A weeks-long impasse over imposing new financial sanctions on Iran and Russia broke late Friday, with the House preparing to vote next week on a measure that would prevent President Trump from lifting measures against Moscow

House leaders agreed to vote on an expanded version of the bill after incorporating a roster of sanctions aimed at freezing North Korea’s nuclear program and draining the government of revenue it uses to fund it. The measures against Pyongyang, which passed the House 419 to 1 as a stand-alone bill earlier this year, were inserted at the request of House Republican leaders.

While some details have yet to be finalized, congressional aides said, the bill is set for a vote Tuesday, according to a schedule circulated Saturday by House Majority Leader Kevin McCarthy (R-Calif.). It will proceed under special expedited procedures for noncontroversial bills expected to pass with a two-thirds majority.

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The legislation, however, has hardly had a smooth ride to this point.

An initial Senate bill — which slapped new sanctions on Iran in response to its ballistic missile testing and on Russia for its meddling in the 2016 U.S. presidential election — passed in June on a 98-to-2 vote. Critically, the sanctions could only be lifted with congressional approval — a departure from the flexibility presidents are traditionally given to conduct foreign policy.

But the bill hit an immediate procedural snag due to claims it ran afoul of the constitutional requirement that revenue bills originate in the House. The roadblock arose as Trump administration officials stepped up a lobbying campaign against the bill, prompting Democrats to accuse House GOP leaders of stalling on Trump’s behalf.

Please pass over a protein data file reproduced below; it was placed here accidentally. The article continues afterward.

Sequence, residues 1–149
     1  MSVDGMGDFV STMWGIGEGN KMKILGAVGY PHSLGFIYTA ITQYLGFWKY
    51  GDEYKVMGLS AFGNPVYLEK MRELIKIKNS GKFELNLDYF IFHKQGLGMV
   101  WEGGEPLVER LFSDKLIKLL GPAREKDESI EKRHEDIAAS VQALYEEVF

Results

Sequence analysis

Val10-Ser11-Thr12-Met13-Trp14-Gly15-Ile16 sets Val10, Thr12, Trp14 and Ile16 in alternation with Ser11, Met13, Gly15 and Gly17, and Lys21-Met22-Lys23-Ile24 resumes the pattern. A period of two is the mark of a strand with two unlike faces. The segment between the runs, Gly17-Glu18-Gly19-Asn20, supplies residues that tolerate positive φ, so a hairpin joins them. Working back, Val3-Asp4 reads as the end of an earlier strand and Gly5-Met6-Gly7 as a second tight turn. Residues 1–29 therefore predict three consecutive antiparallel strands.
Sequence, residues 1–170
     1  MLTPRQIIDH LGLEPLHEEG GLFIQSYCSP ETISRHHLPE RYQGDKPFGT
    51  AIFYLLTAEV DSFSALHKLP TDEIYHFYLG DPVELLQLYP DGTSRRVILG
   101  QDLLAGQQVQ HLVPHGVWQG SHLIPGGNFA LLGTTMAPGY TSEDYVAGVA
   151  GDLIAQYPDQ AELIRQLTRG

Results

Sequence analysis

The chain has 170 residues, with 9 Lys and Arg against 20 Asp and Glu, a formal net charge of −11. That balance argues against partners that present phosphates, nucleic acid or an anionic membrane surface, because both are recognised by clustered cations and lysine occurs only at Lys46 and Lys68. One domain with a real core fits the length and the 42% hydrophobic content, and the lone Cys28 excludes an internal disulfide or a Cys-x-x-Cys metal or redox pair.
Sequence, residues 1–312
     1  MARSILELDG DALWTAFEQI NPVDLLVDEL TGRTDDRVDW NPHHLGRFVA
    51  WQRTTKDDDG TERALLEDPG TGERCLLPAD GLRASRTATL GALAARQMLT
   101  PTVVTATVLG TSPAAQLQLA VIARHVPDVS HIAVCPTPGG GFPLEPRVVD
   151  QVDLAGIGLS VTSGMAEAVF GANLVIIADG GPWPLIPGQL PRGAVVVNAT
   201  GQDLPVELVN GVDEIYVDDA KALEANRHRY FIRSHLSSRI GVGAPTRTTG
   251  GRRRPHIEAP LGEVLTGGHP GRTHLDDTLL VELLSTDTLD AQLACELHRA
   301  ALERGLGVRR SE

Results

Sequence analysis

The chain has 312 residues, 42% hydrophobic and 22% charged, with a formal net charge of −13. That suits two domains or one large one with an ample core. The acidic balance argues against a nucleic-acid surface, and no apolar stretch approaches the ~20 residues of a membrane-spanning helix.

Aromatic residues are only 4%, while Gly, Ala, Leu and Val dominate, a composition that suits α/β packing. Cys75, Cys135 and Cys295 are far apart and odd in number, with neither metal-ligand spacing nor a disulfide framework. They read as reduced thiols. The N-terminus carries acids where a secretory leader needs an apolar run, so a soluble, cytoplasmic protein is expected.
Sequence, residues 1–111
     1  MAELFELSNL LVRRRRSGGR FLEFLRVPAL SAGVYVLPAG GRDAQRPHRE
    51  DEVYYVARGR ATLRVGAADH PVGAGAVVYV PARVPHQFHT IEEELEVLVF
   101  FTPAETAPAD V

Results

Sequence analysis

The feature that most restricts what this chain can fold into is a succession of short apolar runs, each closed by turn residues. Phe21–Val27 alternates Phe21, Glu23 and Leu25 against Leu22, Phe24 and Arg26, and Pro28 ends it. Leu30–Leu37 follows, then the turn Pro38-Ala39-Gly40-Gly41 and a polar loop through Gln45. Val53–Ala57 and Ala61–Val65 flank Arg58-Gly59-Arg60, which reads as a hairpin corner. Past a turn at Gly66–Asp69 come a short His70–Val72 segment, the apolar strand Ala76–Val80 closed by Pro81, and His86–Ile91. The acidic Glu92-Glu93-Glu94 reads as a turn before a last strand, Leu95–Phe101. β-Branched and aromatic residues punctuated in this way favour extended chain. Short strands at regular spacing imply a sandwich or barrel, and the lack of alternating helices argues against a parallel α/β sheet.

New obstacles emerged earlier this month: House Democrats objected to Senate changes to the bill that could freeze out the House minority’s ability to block sanctions relief, and the oil-and-gas industry raised fears that U.S. companies could be frozen out of projects with Russian partners.

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Last week, McCarthy added another twist by proposing the North Korea sanctions to the Senate bill. That again raised hackles around the Capitol at the prospect that the legislation could be complicated further. But according multiple congressional aides, negotiations continued behind the scenes this week, with McCarthy and House Minority Whip Steny H. Hoyer (D-Md.) working to strike a compromise, along with Sens. Bob Corker (R-Tenn.) and Benjamin L. Cardin (D-Md.), the leaders of the Senate Foreign Relations Committees.

The version of the bill posted on a House website just before midnight Friday includes changes aimed at addressing the energy industry concerns as well as some White House objections. But despite pressure from lobbyists and the Trump administration, negotiators maintained unprecedented oversight authority for Congress.

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“The legislation ensures that both the Majority and Minority are able to exercise our oversight role over the Administration’s implementation of sanctions,” Hoyer said in a statement. “Other changes made to the bill will ensure effective and unified implementation among partners and make provisions more workable.”

Senate Minority Leader Charles E. Schumer (D-N.Y.) also issued a statement Saturday praising the breakthrough and calling for the bill’s swift passage. “

“Given the many transgressions of Russia, and President Trump’s seeming inability to deal with them, a strong sanctions bill such as the one Democrats and Republicans have just agreed to is essential,” he said.

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